The U.S. Supreme Court ruled 13 months ago that same-sex couples have a fundamental right to marriage throughout the United States. But 30 states, including Virginia, still have laws on their books barring those marriages, and two Northern Virginia legislators say it’s long past time to remove them.
State Sen. Adam P. Ebbin (D-Alexandria) and Del. Mark D. Sickles (D-Fairfax) last week introduced a set of bills to begin a two-year process to repeal a constitutional amendment, passed by voters in 2006, that defines marriage as solely a union between one man and one woman.
They also want to more quickly overturn a state law that bars same-sex marriages and civil unions.
Similar efforts failed in Richmond last year and the year before, and have also been defeated in eight other states.
“The code of Virginia should accurately reflect the law of the land,” Ebbin said. “Gay and lesbian couples deserve the same respect as other citizens. . . . It’s a stain on the Constitution of Virginia, a document that guarantees liberties rather than limits them.”
Same-sex marriage has been allowed in Virginia since October 2014, when the Supreme Court declined to take up a lower court’s ruling that the state ban was unconstitutional. Less than a year later, the high court ruled that same-sex couples everywhere in the country had the right to wed.
Given those decisions, removing marriage bans from the books is largely symbolic. But those who are trying to reverse the statutes say that the symbolism is deeply powerful.
“By continuing to allow antiquated language to remain in our constitution and code, we tell the world that only certain folks are welcome here . . . and many are not fully equal under the law,” said Sickles, who, like Ebbin, is openly gay. “This is an insult to so many Virginia citizens.”
The bills have the support of Gov. Terry McAuliffe (D) but appear headed for trouble in the conservative, majority-Republican House of Delegates. A spokesman for Speaker William J. Howell (R-Stafford) said that the Virginia Code Commission has been studying how to address the state’s same-sex marriage laws in light of the Supreme Court ruling and that the work is expected to continue into 2017.
“It’s unlikely the House will consider any legislation until the Code Commission review is complete,” Howell spokesman Matthew Moran said.
Sickles said there is no reason to wait. “I have hopes with changes in society that are ever more clear, [legislators] will give it a fair hearing and people will vote their conscience,” he said.
Legislators in at least eight other states have tried to remove these types of “dead-letter” laws since the June 2015 Supreme Court ruling, said Rochelle Finzel, who tracks such legislation for the National Conference of State Legislatures.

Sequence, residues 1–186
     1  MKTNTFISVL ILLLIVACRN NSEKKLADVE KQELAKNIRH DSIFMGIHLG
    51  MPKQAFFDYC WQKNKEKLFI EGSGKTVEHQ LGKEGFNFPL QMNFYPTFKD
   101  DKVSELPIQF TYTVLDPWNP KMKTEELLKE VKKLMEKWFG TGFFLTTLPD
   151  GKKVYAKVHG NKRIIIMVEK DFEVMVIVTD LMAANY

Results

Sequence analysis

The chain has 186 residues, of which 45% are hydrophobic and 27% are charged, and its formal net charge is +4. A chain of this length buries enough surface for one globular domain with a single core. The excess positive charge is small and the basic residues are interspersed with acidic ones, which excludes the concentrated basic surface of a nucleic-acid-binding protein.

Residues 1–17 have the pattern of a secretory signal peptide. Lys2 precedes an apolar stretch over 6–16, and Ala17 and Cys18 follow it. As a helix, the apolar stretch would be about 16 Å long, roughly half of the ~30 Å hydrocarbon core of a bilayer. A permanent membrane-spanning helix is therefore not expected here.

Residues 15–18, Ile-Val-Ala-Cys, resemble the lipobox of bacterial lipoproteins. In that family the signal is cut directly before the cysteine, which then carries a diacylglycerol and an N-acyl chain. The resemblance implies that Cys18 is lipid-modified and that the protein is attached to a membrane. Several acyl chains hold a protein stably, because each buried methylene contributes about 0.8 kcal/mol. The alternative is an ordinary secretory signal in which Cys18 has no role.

Those efforts — in Alabama, Alaska, Florida, Georgia, Indiana, Kentucky, Missouri and Wisconsin — have either been delayed, voted down or vetoed, according to her research. Thirty states passed bans on same-sex marriage, also known as “Defense of Marriage Acts,” before the Supreme Court ruling.
In Virginia, repealing the laws that ban same-sex marriages would require a majority vote by both houses.
Getting rid of the state’s constitutional amendment would be more complicated, said Jeff Ryer, spokesman for the Senate Republican Caucus in the legislature.
A bill to repeal a constitutional amendment must pass both houses of the General Assembly with identical language in two consecutive years, with the votes separated by a legislative election.
Then the repeal must go to the voters. That means, Ryer said, that Ebbin and Sickles’s bill to overturn the constitutional amendment would have to be approved in the 2017 legislative session, then again in 2018, before being placed on the ballot for voters to decide in the fall of 2018.
“It’s not a quick process, but that’s intentional,” Ryer said.
Leaving the state bans on same-sex marriage in place could encourage opponents who hope a future, more conservative Supreme Court will revisit the issue, said Susan Sommer, the director of constitutional litigation for Lambda Legal Defense and Education Fund, a nonprofit group that focuses on lesbian, gay, bisexual and transgender legal and public policy issues.
She called the laws “an ugly vestige of a disturbing animus against gay people.”
“I can never see the courts turning back, but we do see some political discourse” encouraging officials to drag their feet when same-sex couples try to marry or exercise other marital rights, Sommer said.
Bans on same-sex marriage and civil unions can hamper efforts by same-sex couples to adopt, divorce, make medical decisions for spouses and inherit property, said A.E. Dick Howard, a University of Virginia law professor. While it is not unusual for vestiges of overturned laws to linger in state and local codes, this can cause unnecessary litigation and conflict, he said.
“There are Supreme Court rulings that are ignored in communities all around our country until someone steps forward to challenge them,” Howard said, citing the high court’s 1962 decision declaring school-sponsored prayer unconstitutional. For years, schools tried to ignore that ruling, often coming into compliance only after parents filed lawsuits, he said.
Allowing outdated legislation to linger also has an ugly history in Virginia, said Howard, a Virginia native who was the principal drafter of the modern Virginia Constitution.
“The old Virginia Constitution of 1902 said white and colored children shall not be taught in the same schools,” he recalled. “After the 1954 [U.S. Supreme Court decision] Brown v. the Board of Education, Virginia embarked on a campaign of massive resistance. . . . That legislative language was not removed until 1971. I can imagine die-hard opponents of same-sex marriage might employ similar delaying tactics.”